Gundlach Understates The Federal Debt ProblemAdvisor Perspectives
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When Jeffrey Gundlach says that the federal deficit is on a suicide missing he is understating the problem.
The 2018 “official” U.S. debt of $34 trillion is 120% of GDP and projected to double as a percentage of GDP within the next 20 years. If we add off-the-balance sheet net obligations like Social Security and Medicare, our all-in debt, or so called “fiscal gap,” rises to $110 trillion, or 390% of GDP. Raising taxes and reducing benefits won’t restore solvency.
Something is going to break, and it won’t be pretty.
We’re broke and no one seems to care. We’re all aware that this country owes a lot of money, but no one cares because we’re leading pretty good lives. We have yet to feel the consequences of being broke, but that won’t last long. Some things are already breaking, and an ultimate breakdown is on the way.
This will be the first year when tax receipts won’t pay for Social Security and Medicare benefits. We are spending down the corpus, and will have spent all of the Social Security Trust by 2034, while Medicare monies will only last until 2026. Nothing is being done to head off these catastrophes. Furthermore, some large pension funds are broke, and are likely to renege on their promised benefits.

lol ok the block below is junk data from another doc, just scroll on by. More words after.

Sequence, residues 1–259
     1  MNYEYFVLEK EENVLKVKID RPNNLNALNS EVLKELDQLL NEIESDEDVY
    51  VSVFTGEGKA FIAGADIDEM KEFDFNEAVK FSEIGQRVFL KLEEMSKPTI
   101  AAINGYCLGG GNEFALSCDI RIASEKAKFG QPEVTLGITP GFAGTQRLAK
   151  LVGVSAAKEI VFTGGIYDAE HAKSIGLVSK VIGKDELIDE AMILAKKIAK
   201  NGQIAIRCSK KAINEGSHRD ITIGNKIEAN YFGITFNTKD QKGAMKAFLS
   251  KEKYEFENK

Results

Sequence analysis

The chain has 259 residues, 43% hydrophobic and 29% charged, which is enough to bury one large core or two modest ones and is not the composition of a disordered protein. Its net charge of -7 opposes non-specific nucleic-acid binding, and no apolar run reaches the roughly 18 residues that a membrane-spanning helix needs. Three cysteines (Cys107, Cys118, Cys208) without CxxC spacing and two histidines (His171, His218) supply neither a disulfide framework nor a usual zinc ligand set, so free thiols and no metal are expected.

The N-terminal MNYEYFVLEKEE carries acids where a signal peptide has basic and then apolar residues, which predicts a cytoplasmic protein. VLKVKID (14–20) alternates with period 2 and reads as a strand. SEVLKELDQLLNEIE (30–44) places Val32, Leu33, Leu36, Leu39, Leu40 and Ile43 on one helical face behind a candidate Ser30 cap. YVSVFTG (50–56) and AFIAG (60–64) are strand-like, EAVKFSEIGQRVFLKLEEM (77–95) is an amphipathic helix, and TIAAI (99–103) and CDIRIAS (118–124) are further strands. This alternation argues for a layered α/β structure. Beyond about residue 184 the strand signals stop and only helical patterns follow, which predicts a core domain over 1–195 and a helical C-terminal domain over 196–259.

In the following I share some details on this bankruptcy, and offer some actions that might help, although they are unlikely.
The national debt
As shown in the following graph, the reported national debt of $34 trillion is currently 120% of GDP, a level only seen before in the wake of World War II. But unlike the last time, there are no signs that debt has peaked. I use a percentage of GDP to convey our ability to pay. If every dollar of output our country generates this year were used to pay our debt it would not be enough. Of course we’re not obligated to pay right away and therein lies our ho-hum attitude; we trust some miracle will solve the problem someday.
But that’s not the whole story. We’ve made promises to older people that can’t be kept unless the promises are changed (broken) and we burden today’s young people with much higher taxes. As shown in the last row of the following table, the present value of the promise to pay Social Security benefits is $29 trillion more than projected receipts, and adding Medicare’s $47 trillion promise brings our off-the-balance sheet liability to $76 trillion, more than twice the commonly published liability. Our all-in national debt is 390% of GDP.
What you should know about Social Security and Medicare
Source: Compiled by PPCA Inc from various sources
Read the full article by Ron Surz, Advisor Perspectives